Posted by: Staff | 01.24.2008

College Essay I: Liz Cobb

ELIZABETH COBB ‘08

I watch as the furry little fiends scurry spastically around a tree chasing each other. I hate them. While cute and seemingly harmless, squirrels are my least favorite type of animal. Though my fear of this woodland creature that has overly adapted to society may seem irrational, I refuse to abandon my belief that they are underestimated, mischievous beings.

My dislike for squirrels started at a young age. As my family strolled though the Boston Common on sunny afternoons, my sister and I found amusement in watching the adorable critters sporadically stop and start as they darted up and down trees and across the green. I learned, however, that these squirrels were overly accustomed to humans and urban lifestyles. They would relentlessly creep towards us, sensing no threat. My parents, becoming aware of our discomfort, would attempt to frighten the creatures away, only to have the squirrels approach our stroller more closely. My trepidation around the rodent was reinforced years later as a petite sick squirrel entered my yard while I was playing outside. I ran inside and watched as the animal flung itself at our screen door with, in my mind, no motive but to evoke terror in a little girl’s mind.

Throughout my life I have dealt with many of my fears. I have made many presentations and announcements about volleyball games and scientific research in front of my student body to overcome my fear of public speaking. I ventured over 600 miles from home to attend a Materials Science and Engineering program this past summer, have been appointed and elected to numerous leadership positions at my school, such as all-school treasurer and captain of the volleyball team, and was offered a second audition after I tried out for “Design Squad,” a PBS teen reality/engineering television show last spring, proving to myself that my hesitation to stand out or willingly be a leader had dissolved years ago. I even failed my driver’s test the first time and in doing so dejectedly learned to handle my fear of failure. Yet, in my years of maturing and growth, I have not learned to cope with my fear of these unabashed little monsters.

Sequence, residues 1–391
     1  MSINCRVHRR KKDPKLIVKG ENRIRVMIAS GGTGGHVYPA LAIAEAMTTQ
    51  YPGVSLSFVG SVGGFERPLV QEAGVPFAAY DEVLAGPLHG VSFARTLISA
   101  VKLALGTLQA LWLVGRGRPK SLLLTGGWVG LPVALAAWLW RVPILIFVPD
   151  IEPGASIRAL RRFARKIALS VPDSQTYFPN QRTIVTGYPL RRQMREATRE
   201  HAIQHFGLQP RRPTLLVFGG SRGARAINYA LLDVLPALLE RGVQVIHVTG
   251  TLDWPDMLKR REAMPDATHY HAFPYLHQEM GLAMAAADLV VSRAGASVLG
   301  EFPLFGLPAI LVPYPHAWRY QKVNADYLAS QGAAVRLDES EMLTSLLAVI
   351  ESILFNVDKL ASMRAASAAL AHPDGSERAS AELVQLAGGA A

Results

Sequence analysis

At every college visit, I spy them out of the corner of my eye and evaluate their actions and population, knowing they will be prevalent on every campus. Though the situation is unfavorable, I must coexist with this daunting and devious species. Many times in life I have been forced to accept disagreeable circumstances or frustrating challenges. I have struggled with difficult group projects, overwhelming amounts of work, and excruciating volleyball losses. From these experiences I have learned to face adversity, resolve problems and find ways to adapt to numerous situations. Directly meeting my challenges has helped me learn many strategies for problem solving, but I have yet to overcome my problem with squirrels.

I have been a rational person my whole life. I love finding understanding in various subjects and being able to relate what I have learned to my life. Appreciating the reasoning behind electric fields and the importance of gender roles in Shakespeare’s As You Like It are enjoyable to me. I will happily dispute a theory that seems inaccurate or skewed; when presented with the arguments against my apprehension around squirrels, however, I cannot take them into full consideration or rid myself of this fear. As I look forward to college I know I will have many exciting experiences exploring new concepts, making friends and finding new passions. Unfortunately, it is possible that one will in some way involve a squirrel. I may never truly recognize these furry little fiends as a normal part of my life, and I am willing to accept that.

Elizabeth Cobb will be attending the Pratt School of Engineering at Duke University

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